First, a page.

Teaching Rounding Rules
Date: 10/17/2002 at 03:20:01 From: Olof Subject: The convention of always rounding .5 up I've been teaching my son that when one rounds numbers like 3.5 or 4.5 to the nearest integer, one always rounds to the nearest even integer, so that 3.5 should be rounded up, and 4.5 should be rounded down. (Of course, 4.500001 gets rounded up to 5.) This is what I was taught in college (and still seems to be the IEEE standard). However, every grade school textbook I find (as well as the Dr. Math web page) says that one always rounds up. Is there any good reason why grade-schoolers are taught to always round up?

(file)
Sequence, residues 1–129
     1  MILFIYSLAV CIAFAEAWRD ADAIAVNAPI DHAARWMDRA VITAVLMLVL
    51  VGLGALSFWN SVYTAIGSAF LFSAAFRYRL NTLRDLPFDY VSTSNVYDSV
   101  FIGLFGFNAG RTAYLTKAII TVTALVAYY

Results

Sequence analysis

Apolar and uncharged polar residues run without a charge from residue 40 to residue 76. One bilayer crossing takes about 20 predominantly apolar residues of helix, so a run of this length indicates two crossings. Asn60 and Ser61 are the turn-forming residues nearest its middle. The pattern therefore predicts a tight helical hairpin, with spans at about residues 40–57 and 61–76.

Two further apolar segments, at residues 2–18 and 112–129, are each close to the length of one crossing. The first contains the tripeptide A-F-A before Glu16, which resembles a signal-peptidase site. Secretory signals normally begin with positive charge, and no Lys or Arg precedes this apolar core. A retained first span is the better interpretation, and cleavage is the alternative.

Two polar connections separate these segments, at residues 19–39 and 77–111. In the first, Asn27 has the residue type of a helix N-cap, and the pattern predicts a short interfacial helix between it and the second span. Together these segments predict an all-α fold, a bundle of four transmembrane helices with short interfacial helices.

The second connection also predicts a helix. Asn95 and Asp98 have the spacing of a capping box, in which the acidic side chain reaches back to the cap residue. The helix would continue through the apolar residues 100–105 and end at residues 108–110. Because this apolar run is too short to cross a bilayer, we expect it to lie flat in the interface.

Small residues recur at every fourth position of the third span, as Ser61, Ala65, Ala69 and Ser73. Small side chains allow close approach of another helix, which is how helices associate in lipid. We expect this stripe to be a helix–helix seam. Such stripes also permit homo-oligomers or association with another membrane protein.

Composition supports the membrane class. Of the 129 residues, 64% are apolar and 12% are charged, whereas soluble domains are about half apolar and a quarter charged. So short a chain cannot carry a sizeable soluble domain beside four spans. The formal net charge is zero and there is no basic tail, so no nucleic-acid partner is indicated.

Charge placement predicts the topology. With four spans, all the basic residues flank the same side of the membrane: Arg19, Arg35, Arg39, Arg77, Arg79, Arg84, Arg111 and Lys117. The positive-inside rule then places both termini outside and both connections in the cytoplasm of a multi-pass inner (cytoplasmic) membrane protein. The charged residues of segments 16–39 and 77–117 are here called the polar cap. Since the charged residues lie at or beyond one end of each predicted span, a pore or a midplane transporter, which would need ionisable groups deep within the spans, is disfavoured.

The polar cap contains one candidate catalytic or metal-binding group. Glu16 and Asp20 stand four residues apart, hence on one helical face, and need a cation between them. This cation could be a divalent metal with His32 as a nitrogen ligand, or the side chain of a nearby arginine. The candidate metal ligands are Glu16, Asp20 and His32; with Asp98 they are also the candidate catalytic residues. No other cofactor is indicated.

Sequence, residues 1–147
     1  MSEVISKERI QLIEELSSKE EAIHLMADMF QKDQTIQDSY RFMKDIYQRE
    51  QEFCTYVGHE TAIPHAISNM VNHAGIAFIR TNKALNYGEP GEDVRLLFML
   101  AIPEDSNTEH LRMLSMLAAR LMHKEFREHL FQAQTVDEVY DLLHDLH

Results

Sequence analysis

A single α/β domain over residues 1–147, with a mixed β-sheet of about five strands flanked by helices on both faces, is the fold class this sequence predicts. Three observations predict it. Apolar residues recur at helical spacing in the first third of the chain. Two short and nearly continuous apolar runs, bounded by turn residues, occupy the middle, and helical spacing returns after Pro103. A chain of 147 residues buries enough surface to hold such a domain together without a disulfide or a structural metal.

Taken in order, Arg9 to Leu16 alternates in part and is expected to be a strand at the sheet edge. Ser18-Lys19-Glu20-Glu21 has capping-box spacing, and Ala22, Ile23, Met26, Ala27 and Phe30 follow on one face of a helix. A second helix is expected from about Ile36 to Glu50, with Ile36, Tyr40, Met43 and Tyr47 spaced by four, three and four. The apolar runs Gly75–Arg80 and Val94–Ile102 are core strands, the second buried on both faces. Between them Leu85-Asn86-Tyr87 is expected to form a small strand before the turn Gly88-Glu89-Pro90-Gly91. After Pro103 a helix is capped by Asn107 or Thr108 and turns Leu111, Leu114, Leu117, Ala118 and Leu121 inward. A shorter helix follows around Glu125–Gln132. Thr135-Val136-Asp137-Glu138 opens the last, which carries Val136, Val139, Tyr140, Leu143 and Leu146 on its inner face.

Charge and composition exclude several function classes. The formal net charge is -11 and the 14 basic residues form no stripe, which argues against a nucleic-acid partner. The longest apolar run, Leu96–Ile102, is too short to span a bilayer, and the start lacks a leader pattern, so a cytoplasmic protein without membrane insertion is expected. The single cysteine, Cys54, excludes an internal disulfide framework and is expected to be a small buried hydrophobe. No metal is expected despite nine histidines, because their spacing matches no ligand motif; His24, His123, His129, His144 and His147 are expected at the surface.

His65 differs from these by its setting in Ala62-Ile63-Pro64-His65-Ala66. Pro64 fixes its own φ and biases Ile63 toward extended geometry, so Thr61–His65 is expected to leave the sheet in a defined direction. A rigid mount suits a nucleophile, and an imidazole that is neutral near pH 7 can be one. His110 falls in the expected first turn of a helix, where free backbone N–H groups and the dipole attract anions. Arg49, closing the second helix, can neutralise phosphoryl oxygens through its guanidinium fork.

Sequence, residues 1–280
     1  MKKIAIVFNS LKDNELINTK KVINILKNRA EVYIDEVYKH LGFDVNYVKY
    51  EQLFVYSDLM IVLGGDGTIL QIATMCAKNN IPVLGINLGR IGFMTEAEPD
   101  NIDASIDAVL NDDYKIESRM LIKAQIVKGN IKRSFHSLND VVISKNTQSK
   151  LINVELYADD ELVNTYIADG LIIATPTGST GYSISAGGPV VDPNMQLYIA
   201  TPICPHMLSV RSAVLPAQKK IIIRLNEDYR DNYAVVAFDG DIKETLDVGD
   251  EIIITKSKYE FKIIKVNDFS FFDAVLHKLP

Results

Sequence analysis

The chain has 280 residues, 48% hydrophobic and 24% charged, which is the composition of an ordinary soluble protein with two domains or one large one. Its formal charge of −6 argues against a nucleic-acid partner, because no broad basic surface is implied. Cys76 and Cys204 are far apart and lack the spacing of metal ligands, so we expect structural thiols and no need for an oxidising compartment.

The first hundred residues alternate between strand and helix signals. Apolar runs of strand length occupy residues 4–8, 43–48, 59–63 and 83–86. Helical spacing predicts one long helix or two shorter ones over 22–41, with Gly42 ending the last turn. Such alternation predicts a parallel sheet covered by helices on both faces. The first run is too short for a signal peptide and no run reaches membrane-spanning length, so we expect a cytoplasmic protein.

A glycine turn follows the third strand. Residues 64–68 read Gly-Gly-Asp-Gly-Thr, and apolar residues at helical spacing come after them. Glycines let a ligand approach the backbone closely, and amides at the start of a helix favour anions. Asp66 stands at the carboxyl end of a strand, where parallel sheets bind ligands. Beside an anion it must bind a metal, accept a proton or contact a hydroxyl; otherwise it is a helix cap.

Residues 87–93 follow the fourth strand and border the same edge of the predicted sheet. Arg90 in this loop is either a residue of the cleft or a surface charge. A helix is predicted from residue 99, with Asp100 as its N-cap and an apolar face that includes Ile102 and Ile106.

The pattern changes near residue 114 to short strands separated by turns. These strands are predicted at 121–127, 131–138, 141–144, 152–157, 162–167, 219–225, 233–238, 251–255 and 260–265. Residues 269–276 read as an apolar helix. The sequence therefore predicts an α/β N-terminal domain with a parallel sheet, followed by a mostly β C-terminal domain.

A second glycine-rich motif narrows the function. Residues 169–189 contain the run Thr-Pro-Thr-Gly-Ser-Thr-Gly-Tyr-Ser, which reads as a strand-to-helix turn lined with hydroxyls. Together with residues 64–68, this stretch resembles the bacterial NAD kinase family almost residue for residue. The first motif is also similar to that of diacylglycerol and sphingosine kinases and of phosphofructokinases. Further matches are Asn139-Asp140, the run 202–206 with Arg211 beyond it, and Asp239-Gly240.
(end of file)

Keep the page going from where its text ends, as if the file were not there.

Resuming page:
Date: 10/17/2002 at 09:36:08 From: Doctor Peterson Subject: Re: The convention of always rounding .5 up Hi, Olof. Did you see this page in our archives? Rounding Decimals: Even/Odd Issues http://mathforum.org/library/drmath/view/58972.html The rule taught to children is used because it is very simple, requiring only looking at the next digit to see if it is 5 or more. It arises in a simple way: since any number whose next digit is 5, followed by something other than zero, definitely requires rounding up, it is convenient to treat 4.5 the same as 4.51, 4.501, and so on. Also, it is easy to implement this in programming: round(x) = int(x+0.5) so that round(4.5) = int(5.0) = 5. I had not been aware that IEEE had a convention for rounding, so I looked it up, and found that things are just a little more complicated. It turns out that there are several "IEEE rounding modes": http://www.cs.nyu.edu/courses/spring02/V22.0480-002/mips-fpt.pdf Rounding Modes Round to nearest even o This is the normal default mode Round/truncate towards zero Round down towards minus infinity Round up towards plus infinity o Last two can be used for interval arithmetic Unbiased Rounding Round to nearest exact number For 0.5 case, round so that result is even o Example for integers o 2.5 rounds to 2 o 3.5 rounds to 4 This avoids bias in rounding This article discusses rounding algorithms in detail: http://www.eng.tau.ac.il/~guy/Papers/dual_precision_FP_MUL.pdf The IEEE Standard defines four rounding modes: round toward 0, round toward [+infinity], round toward [-infinity], and round to nearest. We deal with numbers that are represented in a sign-magnitude representation. The rounding modes round toward [+infinity] and round toward [-infinity] can be reduced, based on the sign of the number, either to round toward zero (i.e. truncate) or round to infinity (i.e. round up) . We assume henceforth that the number to be rounded is non-negative. We focus on three rounding modes: RZ - round toward zero, RI - round toward infinity, and RNE - round to nearest (even). Following Quach et al., we implement RNE by RNU (round to nearest up) followed by an adjustment of the LSB. RNU mode differs from RNE mode only when the exact result is in the midpoint between two successive representable values; in this case RNE rounds to the representable value with the zero LSB and RNU rounds to the larger representable value. A discrepancy between RNE and RNU can occur only if the LSB in RNU is 1, in which case pulling down the LSB to zero results with the RNE result. So RNE is the default mode; RNU would be what we teach children, and is not supported by IEEE. Of course, IEEE rounding applies to binary, not to decimal digits. I've learned something new! Here is an additional site I that shows how the Pentium implements the optional modes supported by the standard; search for "rounding" within the page: http://www.intel.com/design/intarch/techinfo/pentium/fpu.htm If you have any further questions, feel free to write back. - Doctor Peterson, The Math Forum http://mathforum.org/dr.math/